Costa discussed the plans to bring Eddie Brock back to the Venom persona in his series with a special issue #150 drawn by Tradd Moore on tap. The writer described the relationship between Brock and the symbiote as a bad co-dependent relationship. Part of this is driven by the influence of the last symbiote host Lee Price. “Lee is felt both psychically, and we’ll definitely see him again physically,” Costa said, and he promised that the story of how Flash Thompson lost the suit will be told in issue #150.
The Asgard/Shi’ar War comes to a head in coming issues of “Mighty Thor” where Aaron said he had to bring in the Phoenix Force as another cosmic element both to ratchet up the stakes of the book but also so he had an excuse to return to one of his favorite characters. “Quentin Quire shit-talking Thor is one of my favorite things I’ve ever gotten to write,” he said.
The book will introduce a third Thor to the franchise (“I get paid by the Thor,” Aaron quipped) called “the War Thor”– a new take on the idea of Ultimate Thor which is still a bit mysterious. The writer promised, “He’s someone you know and someone you’ve seen before. You do find out in issue #20 who it is. I’m not going to stretch it all out for seven issues again,” he said.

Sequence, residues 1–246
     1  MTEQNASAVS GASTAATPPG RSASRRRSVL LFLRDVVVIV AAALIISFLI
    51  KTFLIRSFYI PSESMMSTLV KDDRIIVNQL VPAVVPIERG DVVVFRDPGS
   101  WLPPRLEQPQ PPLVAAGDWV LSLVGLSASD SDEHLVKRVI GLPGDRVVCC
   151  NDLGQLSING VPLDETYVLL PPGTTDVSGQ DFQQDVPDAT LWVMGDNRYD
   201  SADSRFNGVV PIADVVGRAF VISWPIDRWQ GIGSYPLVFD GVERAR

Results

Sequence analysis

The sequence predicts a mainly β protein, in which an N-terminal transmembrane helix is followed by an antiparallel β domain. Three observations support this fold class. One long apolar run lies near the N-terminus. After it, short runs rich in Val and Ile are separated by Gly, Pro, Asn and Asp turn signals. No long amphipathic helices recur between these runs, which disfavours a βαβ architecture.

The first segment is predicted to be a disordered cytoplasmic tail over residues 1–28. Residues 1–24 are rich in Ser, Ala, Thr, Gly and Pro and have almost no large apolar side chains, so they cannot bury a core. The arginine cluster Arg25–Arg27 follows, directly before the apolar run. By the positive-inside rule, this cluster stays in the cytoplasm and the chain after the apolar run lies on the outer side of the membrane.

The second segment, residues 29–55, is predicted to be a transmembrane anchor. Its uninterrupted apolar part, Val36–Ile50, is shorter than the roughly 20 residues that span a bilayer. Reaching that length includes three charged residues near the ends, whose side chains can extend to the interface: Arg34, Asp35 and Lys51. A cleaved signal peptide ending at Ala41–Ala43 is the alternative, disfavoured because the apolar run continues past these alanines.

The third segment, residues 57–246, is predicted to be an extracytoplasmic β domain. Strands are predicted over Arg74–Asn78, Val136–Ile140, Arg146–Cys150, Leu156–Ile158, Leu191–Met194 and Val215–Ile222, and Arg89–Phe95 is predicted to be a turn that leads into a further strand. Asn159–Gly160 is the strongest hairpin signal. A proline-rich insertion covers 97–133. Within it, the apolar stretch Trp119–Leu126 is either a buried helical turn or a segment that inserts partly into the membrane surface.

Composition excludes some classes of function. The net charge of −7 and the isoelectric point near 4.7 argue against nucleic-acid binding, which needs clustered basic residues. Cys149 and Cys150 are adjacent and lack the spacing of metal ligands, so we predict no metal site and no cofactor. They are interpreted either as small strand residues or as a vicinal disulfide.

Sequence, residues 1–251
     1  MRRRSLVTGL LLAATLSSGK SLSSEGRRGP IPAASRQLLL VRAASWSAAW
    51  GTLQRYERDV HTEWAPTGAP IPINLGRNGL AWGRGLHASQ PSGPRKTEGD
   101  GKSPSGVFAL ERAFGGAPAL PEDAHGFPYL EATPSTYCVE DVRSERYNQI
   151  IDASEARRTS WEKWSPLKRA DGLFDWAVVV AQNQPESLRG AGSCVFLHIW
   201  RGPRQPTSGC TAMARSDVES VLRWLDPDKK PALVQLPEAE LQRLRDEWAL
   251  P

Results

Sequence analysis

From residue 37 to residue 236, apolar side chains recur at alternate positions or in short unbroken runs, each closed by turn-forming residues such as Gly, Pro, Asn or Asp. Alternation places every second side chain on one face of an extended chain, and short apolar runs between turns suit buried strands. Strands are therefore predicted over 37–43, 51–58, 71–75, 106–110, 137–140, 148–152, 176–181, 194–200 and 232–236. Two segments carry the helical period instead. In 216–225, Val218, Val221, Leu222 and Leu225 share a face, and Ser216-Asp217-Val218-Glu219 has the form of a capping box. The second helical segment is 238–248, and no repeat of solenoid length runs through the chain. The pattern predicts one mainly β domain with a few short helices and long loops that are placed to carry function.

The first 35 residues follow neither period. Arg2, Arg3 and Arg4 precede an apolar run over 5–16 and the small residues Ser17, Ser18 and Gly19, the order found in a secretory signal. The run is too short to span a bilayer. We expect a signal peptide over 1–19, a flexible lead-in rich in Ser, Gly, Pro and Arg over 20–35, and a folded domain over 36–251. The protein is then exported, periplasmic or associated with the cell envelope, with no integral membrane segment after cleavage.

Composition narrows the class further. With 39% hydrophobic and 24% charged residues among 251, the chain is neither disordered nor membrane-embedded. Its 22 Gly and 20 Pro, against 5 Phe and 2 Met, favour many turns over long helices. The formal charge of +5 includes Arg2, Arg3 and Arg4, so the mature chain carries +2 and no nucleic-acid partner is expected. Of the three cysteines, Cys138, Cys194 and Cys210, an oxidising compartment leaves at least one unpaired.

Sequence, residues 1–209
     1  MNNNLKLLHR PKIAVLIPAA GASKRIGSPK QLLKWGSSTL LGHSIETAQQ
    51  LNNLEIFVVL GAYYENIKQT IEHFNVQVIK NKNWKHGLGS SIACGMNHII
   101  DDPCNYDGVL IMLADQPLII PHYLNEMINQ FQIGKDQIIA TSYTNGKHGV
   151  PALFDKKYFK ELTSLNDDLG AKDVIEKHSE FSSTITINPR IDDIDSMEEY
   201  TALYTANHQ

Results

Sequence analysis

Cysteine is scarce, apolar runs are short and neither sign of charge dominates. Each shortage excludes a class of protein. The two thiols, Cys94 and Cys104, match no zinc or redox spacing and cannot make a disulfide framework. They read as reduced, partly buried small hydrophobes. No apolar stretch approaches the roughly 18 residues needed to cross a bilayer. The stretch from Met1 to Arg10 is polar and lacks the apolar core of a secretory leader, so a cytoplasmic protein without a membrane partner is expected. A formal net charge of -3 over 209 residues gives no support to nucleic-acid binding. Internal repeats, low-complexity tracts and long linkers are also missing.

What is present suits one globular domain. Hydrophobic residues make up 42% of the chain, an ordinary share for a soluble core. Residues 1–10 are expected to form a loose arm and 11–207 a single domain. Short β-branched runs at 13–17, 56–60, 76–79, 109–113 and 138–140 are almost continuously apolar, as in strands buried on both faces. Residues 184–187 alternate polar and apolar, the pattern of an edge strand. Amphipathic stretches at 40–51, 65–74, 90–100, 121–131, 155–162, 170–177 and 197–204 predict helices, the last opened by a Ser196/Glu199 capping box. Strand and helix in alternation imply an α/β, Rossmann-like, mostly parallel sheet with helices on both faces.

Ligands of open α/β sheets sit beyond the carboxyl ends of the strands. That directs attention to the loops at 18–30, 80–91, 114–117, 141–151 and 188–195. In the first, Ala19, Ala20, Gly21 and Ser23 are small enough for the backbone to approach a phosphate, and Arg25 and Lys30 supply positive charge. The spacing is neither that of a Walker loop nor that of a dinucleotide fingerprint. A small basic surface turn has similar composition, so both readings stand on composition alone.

The next arc of “Black Panther” will be called “Avengers of the New World,” and Stelfreeze talked about his role in designing a new life for Wakanda. “It’s the most fun I’ve had in comics, period,” he said, saying that he screwed up a bit by taking on such a high profile gig because “On the smaller books, the editors don’t hassle you.” The artist said he wants to stay involved with the series creatively for the long run, which for the moment means providing the covers.
He also did new designs for the gods of Wakanda – characters Black Panther feels have abandoned their nation in the new arc. Stelfreeze said he wanted to make the gods look “different, but very familiar” with the idea that all of Africa’s other nations ultimately took their art styles from the root of Wakandan culture.
Rounding out “Black Panther” new was word that the first 12 issues of the comic will get an oversized hardcover treatment in August with a new cover by Stelfreeze that the panel showed off as well as an introduction from late night host Seth Meyers.
- Kiel Phegley